worries me, but how they'll take it. Will the Southerners be displeased? Will
the Negroes be worried? Will the northern whites think I've compromised? For
they'll all be there -- former slaves and former slaveowners, graduates from
Tuskegee, and teachers from Hampton. And thousands of Georgians . . .
WIFE: And when Governor Bullock introduces you in Exposition Hall . . .
(Fade out train scene)
GOVERNOR: Ladies and gentlemen, we have with us here today a representative of
Negro civilization in the South, Professor Booker T. Washington of Tuskegee.
(A flurry of applause . . . A few cheers . . . Then dead silence)
BOOKER: Mr. President, Gentlemen of the Board of Directors, Citizens: One-
third of the population of the South is of the Negro race. No enterprise
seeking the material, civil, or moral welfare of this section can disregard
this element of our population and reach the highest success. Once a ship lost
at sea for many days suddenly sighted a friendly vessel. From the mast of the
unfortunate vessel was seen a signal, "Water, water; we die of thirst!" The
answer from the friendly vessel came back, "Cast your bucket where you are." A
second time the signal, "Water, water; send us water!" ran up the distressed
vessel, and was answered, "Cast down your bucket where you are." And a third
and fourth signal for water was answered, "Cast down your bucket where you
are." The captain of the distressed vessel, at last heeding the injunction,
cast down his bucket, and it came up full of fresh, sparkling water from the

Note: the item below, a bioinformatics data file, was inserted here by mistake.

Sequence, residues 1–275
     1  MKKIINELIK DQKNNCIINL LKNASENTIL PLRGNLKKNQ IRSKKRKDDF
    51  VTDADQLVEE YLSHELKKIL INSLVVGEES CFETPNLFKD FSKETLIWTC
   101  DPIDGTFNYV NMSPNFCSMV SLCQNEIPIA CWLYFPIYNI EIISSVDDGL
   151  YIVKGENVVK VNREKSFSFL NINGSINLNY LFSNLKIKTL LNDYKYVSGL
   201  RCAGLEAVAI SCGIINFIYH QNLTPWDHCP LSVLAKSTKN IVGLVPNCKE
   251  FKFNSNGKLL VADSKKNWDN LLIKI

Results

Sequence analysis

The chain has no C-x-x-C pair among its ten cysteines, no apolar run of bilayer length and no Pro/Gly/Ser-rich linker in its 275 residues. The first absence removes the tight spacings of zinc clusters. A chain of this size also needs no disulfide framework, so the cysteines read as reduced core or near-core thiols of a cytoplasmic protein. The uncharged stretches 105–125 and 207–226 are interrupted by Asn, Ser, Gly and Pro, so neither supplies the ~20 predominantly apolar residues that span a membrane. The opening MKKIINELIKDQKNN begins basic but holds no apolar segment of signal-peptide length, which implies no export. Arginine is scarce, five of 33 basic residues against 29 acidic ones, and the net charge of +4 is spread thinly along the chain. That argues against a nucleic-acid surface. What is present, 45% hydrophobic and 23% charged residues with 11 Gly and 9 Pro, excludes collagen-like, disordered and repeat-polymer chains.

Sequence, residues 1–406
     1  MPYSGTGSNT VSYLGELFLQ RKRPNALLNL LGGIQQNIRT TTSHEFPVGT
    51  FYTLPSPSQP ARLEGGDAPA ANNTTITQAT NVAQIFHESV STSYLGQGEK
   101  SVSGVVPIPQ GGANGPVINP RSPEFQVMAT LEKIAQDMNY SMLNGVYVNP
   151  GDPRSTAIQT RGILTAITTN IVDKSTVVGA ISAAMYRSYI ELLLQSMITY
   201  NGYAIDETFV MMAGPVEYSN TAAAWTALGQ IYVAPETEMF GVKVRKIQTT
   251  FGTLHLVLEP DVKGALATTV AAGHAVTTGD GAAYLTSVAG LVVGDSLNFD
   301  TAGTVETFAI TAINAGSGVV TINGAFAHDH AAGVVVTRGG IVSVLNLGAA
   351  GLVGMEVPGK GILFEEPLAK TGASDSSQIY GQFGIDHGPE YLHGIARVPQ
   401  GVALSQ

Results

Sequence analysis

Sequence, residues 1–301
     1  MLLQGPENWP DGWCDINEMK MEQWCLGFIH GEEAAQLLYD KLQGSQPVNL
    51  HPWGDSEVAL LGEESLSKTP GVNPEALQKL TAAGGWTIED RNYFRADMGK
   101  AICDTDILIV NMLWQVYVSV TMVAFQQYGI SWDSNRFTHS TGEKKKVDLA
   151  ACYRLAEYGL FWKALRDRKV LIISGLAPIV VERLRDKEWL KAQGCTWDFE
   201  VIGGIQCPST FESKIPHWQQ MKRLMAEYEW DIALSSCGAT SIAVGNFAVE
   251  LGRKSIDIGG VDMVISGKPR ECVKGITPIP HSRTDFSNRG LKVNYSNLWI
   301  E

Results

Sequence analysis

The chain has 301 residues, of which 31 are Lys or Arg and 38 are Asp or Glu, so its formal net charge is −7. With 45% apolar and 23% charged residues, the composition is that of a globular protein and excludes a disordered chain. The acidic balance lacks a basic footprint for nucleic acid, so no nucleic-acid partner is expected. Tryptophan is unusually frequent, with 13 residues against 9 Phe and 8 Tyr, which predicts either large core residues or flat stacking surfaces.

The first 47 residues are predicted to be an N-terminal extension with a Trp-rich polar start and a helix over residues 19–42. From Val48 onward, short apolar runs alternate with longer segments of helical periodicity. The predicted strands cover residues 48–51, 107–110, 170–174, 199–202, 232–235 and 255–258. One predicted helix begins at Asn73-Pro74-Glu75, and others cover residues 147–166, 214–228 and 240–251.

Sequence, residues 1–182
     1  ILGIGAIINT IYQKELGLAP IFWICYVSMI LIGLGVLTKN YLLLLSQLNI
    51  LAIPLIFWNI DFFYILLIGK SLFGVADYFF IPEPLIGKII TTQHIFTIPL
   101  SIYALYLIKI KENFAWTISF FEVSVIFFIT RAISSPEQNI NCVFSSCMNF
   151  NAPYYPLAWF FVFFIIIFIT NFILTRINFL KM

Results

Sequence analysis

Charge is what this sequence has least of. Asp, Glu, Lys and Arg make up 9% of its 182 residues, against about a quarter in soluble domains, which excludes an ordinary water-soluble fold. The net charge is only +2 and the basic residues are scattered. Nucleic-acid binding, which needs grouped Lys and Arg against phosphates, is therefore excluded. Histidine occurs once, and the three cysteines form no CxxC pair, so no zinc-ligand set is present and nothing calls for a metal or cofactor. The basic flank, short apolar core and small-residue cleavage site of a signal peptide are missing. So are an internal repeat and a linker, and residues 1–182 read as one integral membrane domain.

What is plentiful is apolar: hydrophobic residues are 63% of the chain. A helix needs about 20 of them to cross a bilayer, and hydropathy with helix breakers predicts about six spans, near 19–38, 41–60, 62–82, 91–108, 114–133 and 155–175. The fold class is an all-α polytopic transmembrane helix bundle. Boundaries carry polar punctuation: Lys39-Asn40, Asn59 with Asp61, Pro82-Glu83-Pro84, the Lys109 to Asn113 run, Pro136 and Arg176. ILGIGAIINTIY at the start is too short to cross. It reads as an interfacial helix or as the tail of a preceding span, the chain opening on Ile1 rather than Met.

mouth of the Amazon River. To those of my race who underestimate the
importance of cultivating friendly relations with the southern white man, who
is their next-door neighbor, I would say, "Cast down your bucket where you
are." Cast it down in making friends in every manly way of the people of all
races by whom we are surrounded. Cast it down in agriculture, mechanics, in
commerce, in domestic service, and in the professions. No race can prosper
till it learns there is as much dignity in tilling a field as in writing a
To those of the white race, I would repeat what I say to my own race, "Cast
down your bucket where you are." Cast it down among the eight millions of
Negroes whose habits you know, whose fidelity you have tested. Cast down your
bucket among these people who have tilled your fields, cleared your forests,
and brought forth treasures from the bowels of the earth. Cast down your
bucket among my people, help and encourage them to the education of head,
hand, and heart. Then you will find that they will buy your surplus land, make
blossom the waste places in your fields, and run your factories. But there is
no defense or security for any of us except in the highest intelligence and
development of all. Gentlemen of the Exposition, I pledge that in your effort
to work out the intricate problem which God has laid at the doors of the
South, you shall have at all times the help of my race. Only let this be
constantly in mind . . .
. . . that far beyond material benefits will be that higher good which, let us
pray God, will result in a blotting out of sectional differences and racial
animosities and suspicions, in a determination to administer absolute justice,
and in a willing obedience among all classes to the mandates of law.
(Music: Up to finish)
Originally broadcast: 7 April 1940
on CBS' "The Pursuit of Happiness";
written by Langston Hughes,
starring Rex Ingram,
and directed by Norman Corwin.